The Truth About Textured Implants
When a woman decides to pursue breast augmentation, there are a number of decisions that must be made during the planning phase. For example, the amount of information available about the types of implants alone is dizzying, and it can be hard to separate fact from fiction. A recent study on textured implants has found that they are more susceptible to bacterial infection than smooth implants, and this infection may lead to capsular contracture, a hardening of scar tissue that is the most common complication from breast augmentation.
Given this latest research, here are Dr. Reedy’s thoughts on textured implants and whether they should be considered for a breast enhancement.
Why were textured implants created?
They were created under the concept that texturing of the outer surface of the implant would lead to less capsular contracture. After a breast augmentation, the body naturally forms a capsule of scar tissue around an implant; in a small percentage of cases, this tissue becomes hard and tightens around the implant—this is capsular contracture.
There is a public perception that there are no medically proven pros or cons to textured implants. Is that really the case?
In some ways, that is true. The literature has been conflicted. There is some evidence that there is less capsular contracture with a textured implant in a subglandular position. However, a submuscular augmentation is, for the most part, a far superior technique. A submuscular augmentation provides a more natural appearance, a more natural feel. It makes mammography and breast exams easier, and there is significant decrease in capsular contracture.
When you place a textured implant in a submuscular position, the data is inconsistent. In addition, textured implants have been associated with a higher rate of breakage/leaking, as well as rippling. It is for that reason that I personally rarely use a textured implant. While this is my opinion, most plastic surgeons use smooth walled implants.
Why would a plastic surgeon recommend textured implants instead of smooth implants?
A textured implant is used specifically when you are doing a sub-glandular augment or using a shaped implant. With a textured surface, the implant will stay put. It doesn’t move. It becomes attached to the surrounding tissues.
For the most part, a more natural result in terms of both look and feel is achieved when a smooth-walled implant is able to slide and move around in the pocket. However, when you have a shaped implant, you need to keep it in place. You don’t want it to move because if it rotates off axis, the shape of the breast will then change. It’s in those times where a textured implant is particularly helpful.
However, there is some evidence that textured implants are slightly more susceptible to a type of bacterial infection referred to as biofilm. That is a subtle seeding of the implant as well as combined irritation of local tissues, where you can get a secondary capsule and a biofilm that forms.
After surgery, what should patients keep an eye out for as they recover?
Whether using textured or smooth implants, the answer is the same. Infection from an implant is incredibly rare, but redness, tenderness, swelling, pain, or fever would be standard things to look for. In terms of capsular contracture, usually when it presents, it starts to present in the early post-op period and is evidenced at around 6 to 12 weeks. However, a capsular contracture can occur at any time in the late and distant post-op period. That results in a firmness to the feel of the breast and implant. In more severe cases, a change in shape of both the implant and the contour of the breast are apparent and in rare, infrequent, and late cases, even pain.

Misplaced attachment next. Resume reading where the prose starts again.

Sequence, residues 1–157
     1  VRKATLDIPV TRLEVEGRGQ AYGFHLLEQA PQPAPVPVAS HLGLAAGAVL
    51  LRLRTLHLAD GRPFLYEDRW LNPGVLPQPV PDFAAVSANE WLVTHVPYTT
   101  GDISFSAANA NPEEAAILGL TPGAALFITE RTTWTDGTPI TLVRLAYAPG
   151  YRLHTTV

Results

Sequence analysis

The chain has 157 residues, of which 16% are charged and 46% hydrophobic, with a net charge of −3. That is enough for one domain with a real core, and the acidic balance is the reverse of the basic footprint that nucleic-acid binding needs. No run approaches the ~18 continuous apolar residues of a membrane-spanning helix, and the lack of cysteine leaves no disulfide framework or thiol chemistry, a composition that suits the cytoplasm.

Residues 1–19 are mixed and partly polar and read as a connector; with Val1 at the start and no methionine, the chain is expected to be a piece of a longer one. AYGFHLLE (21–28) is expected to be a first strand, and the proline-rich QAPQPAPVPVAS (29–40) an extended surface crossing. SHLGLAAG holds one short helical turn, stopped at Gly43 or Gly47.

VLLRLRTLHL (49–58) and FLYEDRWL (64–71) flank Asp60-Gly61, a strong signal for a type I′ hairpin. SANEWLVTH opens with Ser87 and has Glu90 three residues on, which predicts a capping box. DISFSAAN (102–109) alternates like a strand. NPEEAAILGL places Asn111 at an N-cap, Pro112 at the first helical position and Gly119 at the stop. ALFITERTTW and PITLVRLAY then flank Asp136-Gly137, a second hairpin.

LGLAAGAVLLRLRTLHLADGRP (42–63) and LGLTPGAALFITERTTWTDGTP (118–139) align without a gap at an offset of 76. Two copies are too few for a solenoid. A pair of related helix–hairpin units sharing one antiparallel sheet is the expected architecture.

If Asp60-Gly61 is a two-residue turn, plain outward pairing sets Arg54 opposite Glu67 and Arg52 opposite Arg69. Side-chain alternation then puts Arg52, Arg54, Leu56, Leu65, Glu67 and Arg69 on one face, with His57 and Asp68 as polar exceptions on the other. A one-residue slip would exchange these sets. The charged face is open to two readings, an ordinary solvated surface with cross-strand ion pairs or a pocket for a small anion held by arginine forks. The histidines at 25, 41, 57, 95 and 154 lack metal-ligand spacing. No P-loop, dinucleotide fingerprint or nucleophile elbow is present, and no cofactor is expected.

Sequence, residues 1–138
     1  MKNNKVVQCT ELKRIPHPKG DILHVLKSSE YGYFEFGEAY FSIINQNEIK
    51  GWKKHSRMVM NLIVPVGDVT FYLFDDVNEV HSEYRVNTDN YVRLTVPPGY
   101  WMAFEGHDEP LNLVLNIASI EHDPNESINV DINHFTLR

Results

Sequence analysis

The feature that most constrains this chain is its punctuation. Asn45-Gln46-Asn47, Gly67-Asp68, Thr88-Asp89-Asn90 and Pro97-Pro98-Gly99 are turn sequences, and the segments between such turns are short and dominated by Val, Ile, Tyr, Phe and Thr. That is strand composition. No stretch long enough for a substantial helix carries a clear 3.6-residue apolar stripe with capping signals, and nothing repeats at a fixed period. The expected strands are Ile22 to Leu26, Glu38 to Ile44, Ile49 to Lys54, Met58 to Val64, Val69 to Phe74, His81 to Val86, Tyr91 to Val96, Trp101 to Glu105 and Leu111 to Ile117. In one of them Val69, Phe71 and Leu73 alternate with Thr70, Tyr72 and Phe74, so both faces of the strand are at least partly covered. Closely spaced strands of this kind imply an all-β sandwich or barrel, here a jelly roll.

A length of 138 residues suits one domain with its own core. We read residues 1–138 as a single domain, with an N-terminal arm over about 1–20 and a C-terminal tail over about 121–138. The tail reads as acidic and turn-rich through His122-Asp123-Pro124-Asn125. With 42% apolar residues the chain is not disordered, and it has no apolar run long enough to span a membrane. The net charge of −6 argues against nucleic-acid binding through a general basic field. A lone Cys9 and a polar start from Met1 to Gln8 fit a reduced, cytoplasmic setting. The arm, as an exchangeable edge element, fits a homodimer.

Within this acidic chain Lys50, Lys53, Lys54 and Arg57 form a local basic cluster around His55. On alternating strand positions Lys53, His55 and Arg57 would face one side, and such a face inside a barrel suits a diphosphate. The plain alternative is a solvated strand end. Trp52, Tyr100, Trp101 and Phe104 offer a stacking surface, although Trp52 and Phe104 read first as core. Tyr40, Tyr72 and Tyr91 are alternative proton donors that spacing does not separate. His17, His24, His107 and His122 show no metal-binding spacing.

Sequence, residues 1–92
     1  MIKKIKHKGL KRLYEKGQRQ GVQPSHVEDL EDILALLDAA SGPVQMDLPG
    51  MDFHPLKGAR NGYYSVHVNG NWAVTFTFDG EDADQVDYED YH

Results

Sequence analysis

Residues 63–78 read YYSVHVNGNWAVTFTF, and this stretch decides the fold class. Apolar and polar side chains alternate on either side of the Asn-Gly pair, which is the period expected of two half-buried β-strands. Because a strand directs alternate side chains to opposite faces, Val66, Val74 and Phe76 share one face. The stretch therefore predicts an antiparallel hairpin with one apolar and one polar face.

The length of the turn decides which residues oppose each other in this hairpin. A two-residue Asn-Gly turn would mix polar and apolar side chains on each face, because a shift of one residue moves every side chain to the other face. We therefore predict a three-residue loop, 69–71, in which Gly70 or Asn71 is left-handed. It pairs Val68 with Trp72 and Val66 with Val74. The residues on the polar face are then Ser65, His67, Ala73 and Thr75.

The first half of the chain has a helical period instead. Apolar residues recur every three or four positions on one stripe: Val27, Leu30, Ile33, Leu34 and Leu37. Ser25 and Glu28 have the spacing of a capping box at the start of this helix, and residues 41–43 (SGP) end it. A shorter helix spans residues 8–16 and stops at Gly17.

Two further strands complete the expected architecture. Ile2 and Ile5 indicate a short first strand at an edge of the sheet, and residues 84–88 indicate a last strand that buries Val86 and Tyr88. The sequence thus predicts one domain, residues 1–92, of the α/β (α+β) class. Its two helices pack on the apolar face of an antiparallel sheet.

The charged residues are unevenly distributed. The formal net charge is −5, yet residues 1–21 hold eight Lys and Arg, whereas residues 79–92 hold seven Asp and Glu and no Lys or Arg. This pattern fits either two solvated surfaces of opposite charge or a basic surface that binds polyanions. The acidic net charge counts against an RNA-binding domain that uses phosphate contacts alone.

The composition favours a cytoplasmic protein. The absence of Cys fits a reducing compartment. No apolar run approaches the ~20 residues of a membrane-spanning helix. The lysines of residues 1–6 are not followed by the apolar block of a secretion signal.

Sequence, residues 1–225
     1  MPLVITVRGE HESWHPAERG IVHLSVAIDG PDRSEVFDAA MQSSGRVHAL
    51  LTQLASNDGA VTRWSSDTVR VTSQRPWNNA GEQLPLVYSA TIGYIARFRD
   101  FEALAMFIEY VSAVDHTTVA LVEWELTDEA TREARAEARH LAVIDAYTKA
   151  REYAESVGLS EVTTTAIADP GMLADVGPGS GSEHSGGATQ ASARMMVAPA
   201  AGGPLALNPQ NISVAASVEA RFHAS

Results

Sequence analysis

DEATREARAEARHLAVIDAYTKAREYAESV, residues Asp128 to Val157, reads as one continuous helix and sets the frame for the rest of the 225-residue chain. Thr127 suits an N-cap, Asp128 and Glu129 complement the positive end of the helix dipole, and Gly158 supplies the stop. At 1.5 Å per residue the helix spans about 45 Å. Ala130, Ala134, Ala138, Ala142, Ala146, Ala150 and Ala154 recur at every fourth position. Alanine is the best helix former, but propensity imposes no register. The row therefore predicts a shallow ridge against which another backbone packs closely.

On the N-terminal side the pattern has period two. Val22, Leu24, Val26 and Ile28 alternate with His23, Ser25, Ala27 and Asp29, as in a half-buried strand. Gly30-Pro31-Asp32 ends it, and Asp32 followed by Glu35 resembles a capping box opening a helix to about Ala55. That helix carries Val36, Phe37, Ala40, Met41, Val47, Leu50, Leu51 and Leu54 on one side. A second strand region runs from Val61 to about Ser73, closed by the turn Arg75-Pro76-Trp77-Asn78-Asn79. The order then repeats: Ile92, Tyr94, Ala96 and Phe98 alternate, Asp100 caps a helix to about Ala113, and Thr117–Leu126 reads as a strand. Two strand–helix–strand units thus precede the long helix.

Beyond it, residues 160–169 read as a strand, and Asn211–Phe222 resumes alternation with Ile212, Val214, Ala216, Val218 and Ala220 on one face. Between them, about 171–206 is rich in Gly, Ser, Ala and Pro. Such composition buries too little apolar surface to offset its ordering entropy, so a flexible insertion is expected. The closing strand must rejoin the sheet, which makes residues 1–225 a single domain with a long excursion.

Plastic or cosmetic surgery is still surgery, and there is always risk involved. What advice would you offer patients on how to judge safety when looking for a plastic surgeon?
In terms of safety, while on the surface a breast enhancement appears relatively straightforward, there are a number of subtleties to this surgery in terms of choosing the appropriate shape, size, and type of implant. These factors all relate to surgical technique, to not only achieve an aesthetically pleasing result but also to get a superior result over the long term.
When you look at the literature, there is a wide variance of capsular contracture anywhere from 2-9%. In addition, there is a wide variance in re-operation rates due not only to complications such as capsular contracture, but also re-operation rates due to displeasure with size, shape, or appearance of the breast. Rates vary among individual surgeons. In my practice, the capsular contracture rate is less than 1%, and re-operation rate is rare.
You want to choose a surgeon that specifically specializes in breast surgery, and you want to see a lot of his or her before-and-after photographs to see the type of work he/she does, possibly even talk to previous patients.
In regards to where the surgery is performed, it’s important that the patients realize the licensure of the operating room. As to the level of licensure and safety in my operating room, I am rated Medicare Class C, which is the highest level of licensure—the same as a hospital. Additionally, I work with a board certified anesthesiologist for all surgical procedures.